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DEFYING GOVERNOR’S ORDERS: Minnesota small business owner promotes safe reopening despite restrictions

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Employee at The Interchange in Albert Lea

ALBERT LEA, Minn. (KTTC) -- The hospitality industry was not one of those getting much of a break in the updated COVID-19 mitigation guidance issued by Gov. Tim Walz Wednesday.

The Interchange, a downtown Albert Lea coffee shop that also serves food and drinks, decided to go against the governor's orders and open anyway. While sustained by carryout and delivery orders during the shut down, the owner says businesses in Albert Lea are running out of money and need to open up their doors.

"I believe that a lot of our business will survive somehow, very smart people. Will we all survive? Probably not," said The Interchange's owner Lisa Hanson.

After losing money day after day, she had to make a hard decision.

"We either had to open or close our doors permanently," Hanson said.

Minnesota's governor has allowed gyms to open back up, but with restrictions to make sure they do so safely. The Interchange says bars and restaurants can do the same and state funding is not enough help until they can fully open.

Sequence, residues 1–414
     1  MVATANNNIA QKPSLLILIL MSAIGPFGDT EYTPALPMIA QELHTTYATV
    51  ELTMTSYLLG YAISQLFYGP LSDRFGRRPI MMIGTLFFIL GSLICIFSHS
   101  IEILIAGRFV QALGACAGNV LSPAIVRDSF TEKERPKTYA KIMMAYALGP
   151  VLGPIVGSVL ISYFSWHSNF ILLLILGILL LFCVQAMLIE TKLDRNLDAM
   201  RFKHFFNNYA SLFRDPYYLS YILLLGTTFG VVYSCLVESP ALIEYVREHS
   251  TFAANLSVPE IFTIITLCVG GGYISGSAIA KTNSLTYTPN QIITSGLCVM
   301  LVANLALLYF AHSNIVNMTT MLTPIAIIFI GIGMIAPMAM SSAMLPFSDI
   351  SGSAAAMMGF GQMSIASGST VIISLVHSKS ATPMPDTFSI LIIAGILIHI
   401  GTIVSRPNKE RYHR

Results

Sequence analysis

"These are crumbs. We cannot survive on crumbs. We are way beyond that," Hanson said. "This thing started out as two weeks and now we're almost in 9 months."

They have reopened, but with precautions.

"I believe this is a safe place for people to come into," Hanson insists.

Even so, there is a worry for possible consequences from the state.

"This is very scary. This is not an easy thing to do," Hanson said. "We're hard working Americans. We follow the laws. We don't want to buck the system. We don't want to cause trouble. We don't want to offend anybody. But I'll tell you what, we're willing to take the risk.

She hopes it can be an example to other businesses that are still closed.

"Listen, if we all join together, maybe we can beat this thing," said The Interchange's owner.

Hanson tells us there was a line of customers out the door all morning. The shop was so busy she even had to call in extra employees.

She defends her decision to reopen with the 14th amendment, and says the governor's closing of businesses treads upon owner's "pursuit of happiness."

Alex Tejada

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